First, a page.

The global music industry is having revolutionary influence on local performances. In India, the pop star Babydoll Alisha sings Madonna songs in a Hindi rendering. Tunisian artists now routinely use synthesizers to accompany the traditional bagpipes at live concerts. Electronic instruments are expensive, and the increasing dependence on access to electricity is changing what audiences look like and the way music is heard.

In Trinidad, the introduction of multichannel recording has transformed the employment prospects of the famous steel bands. It used to be that 100 musicians would be crowded into someone's backyard, each with his own tuned oil drum, and two microphones would pick it all up to make local tapes. Now a few of the best musicians are brought into a studio, and they record all the parts on different channels at different times.

The globalization of the music market and the technology of multiple-channel recording have made it possible to create fresh sound for the world market with musical exotica from all over the world. Everything from zouk, rhi, and jit from Africa and salsa from the Caribbean islands to the chants of India known as bhangra are mixed with a variety of American pop genres to produce a blend that is promoted around the world as "world beat."

"Lambada," promoted by French entrepreneurs as the dance craze of Brazil, is Bolivian in origin. A recorded version of this music performed by mostly Senegalese musicians became a global hit. Paul Simon used South African singers and songs for his hit album "Graceland," but he wrote his own words and the political message was diluted.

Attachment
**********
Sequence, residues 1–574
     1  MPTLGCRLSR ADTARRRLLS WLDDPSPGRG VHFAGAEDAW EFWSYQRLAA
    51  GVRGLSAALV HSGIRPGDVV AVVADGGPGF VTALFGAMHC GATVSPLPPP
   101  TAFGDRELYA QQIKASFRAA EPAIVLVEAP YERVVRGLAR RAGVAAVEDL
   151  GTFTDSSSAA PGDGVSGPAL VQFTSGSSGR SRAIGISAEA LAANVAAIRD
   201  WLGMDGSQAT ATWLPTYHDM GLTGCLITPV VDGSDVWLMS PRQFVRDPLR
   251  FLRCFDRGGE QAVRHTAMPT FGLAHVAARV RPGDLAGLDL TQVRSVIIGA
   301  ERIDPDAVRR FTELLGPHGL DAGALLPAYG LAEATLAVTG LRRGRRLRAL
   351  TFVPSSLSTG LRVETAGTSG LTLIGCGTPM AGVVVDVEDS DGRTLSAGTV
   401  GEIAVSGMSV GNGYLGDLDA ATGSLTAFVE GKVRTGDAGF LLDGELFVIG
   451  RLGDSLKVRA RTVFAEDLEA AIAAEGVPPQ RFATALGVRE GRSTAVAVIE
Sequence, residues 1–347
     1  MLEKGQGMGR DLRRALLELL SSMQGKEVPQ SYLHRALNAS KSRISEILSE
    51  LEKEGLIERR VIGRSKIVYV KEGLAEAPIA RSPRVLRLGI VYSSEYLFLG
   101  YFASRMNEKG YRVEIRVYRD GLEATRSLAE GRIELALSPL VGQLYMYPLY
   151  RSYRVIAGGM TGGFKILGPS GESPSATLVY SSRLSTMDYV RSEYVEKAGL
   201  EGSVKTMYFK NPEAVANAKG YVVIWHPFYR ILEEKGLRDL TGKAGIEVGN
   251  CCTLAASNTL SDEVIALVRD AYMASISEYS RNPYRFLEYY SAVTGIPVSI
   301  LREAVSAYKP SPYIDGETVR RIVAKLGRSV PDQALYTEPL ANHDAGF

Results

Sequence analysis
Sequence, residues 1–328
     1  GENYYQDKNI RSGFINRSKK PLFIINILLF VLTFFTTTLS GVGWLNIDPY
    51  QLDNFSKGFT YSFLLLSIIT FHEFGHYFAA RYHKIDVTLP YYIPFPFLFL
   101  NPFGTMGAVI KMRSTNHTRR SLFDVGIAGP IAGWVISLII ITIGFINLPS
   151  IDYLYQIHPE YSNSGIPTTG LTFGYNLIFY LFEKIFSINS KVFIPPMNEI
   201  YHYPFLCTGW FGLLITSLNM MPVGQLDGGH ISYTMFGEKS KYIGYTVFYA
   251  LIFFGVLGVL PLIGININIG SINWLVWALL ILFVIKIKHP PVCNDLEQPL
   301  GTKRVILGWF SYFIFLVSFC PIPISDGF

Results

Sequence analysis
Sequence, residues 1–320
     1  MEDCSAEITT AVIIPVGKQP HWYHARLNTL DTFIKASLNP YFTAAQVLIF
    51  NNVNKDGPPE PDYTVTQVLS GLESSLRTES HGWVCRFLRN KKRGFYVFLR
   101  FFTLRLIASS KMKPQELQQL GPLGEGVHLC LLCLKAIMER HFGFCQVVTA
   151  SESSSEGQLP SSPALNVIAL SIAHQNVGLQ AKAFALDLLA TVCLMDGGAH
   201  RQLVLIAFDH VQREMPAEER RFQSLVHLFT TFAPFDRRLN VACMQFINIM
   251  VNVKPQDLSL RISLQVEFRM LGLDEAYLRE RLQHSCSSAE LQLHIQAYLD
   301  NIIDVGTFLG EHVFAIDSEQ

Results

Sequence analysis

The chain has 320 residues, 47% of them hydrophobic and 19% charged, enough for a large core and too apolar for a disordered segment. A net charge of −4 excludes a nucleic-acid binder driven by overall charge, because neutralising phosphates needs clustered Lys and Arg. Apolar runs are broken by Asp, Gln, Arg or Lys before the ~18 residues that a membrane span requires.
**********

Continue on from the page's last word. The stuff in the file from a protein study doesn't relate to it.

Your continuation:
Local musicians are of course excited by the audiences, fame, and money that the international record companies can provide them, but some are uncomfortable that their rich cultural tradition is being fished and skimmed to make an international product. The companies, though much agitated about the protection of their own intellectual property from pirates, feel no compunction about uprooting the music of indigenous artists from its native soil and treating it as a free good until they have blended its rhythms and melody into a global commodity. Painters and composers have often borrowed from folk art and folk music, but not on this scale.